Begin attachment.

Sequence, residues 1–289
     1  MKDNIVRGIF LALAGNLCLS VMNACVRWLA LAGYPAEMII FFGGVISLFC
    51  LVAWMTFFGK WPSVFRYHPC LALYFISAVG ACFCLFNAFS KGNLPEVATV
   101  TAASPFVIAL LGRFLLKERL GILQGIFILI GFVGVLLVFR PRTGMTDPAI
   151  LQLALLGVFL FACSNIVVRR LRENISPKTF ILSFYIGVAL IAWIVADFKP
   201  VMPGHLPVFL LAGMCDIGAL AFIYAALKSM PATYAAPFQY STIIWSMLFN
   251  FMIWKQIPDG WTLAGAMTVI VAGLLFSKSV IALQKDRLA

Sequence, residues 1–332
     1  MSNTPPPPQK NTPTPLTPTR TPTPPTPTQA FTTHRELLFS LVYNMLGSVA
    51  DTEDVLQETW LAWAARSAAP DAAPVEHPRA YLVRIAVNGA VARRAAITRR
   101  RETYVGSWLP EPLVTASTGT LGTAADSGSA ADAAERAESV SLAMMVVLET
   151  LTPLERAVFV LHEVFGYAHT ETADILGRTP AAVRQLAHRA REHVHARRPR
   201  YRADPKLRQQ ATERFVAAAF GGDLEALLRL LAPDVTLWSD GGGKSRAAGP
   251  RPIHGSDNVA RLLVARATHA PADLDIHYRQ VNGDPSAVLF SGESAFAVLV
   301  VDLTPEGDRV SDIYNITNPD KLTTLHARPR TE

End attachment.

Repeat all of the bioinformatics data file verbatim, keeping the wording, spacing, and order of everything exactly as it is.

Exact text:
Sequence, residues 1–289
     1  MKDNIVRGIF LALAGNLCLS VMNACVRWLA LAGYPAEMII FFGGVISLFC
    51  LVAWMTFFGK WPSVFRYHPC LALYFISAVG ACFCLFNAFS KGNLPEVATV
   101  TAASPFVIAL LGRFLLKERL GILQGIFILI GFVGVLLVFR PRTGMTDPAI
   151  LQLALLGVFL FACSNIVVRR LRENISPKTF ILSFYIGVAL IAWIVADFKP
   201  VMPGHLPVFL LAGMCDIGAL AFIYAALKSM PATYAAPFQY STIIWSMLFN
   251  FMIWKQIPDG WTLAGAMTVI VAGLLFSKSV IALQKDRLA

Sequence, residues 1–332
     1  MSNTPPPPQK NTPTPLTPTR TPTPPTPTQA FTTHRELLFS LVYNMLGSVA
    51  DTEDVLQETW LAWAARSAAP DAAPVEHPRA YLVRIAVNGA VARRAAITRR
   101  RETYVGSWLP EPLVTASTGT LGTAADSGSA ADAAERAESV SLAMMVVLET
   151  LTPLERAVFV LHEVFGYAHT ETADILGRTP AAVRQLAHRA REHVHARRPR
   201  YRADPKLRQQ ATERFVAAAF GGDLEALLRL LAPDVTLWSD GGGKSRAAGP
   251  RPIHGSDNVA RLLVARATHA PADLDIHYRQ VNGDPSAVLF SGESAFAVLV
   301  VDLTPEGDRV SDIYNITNPD KLTTLHARPR TE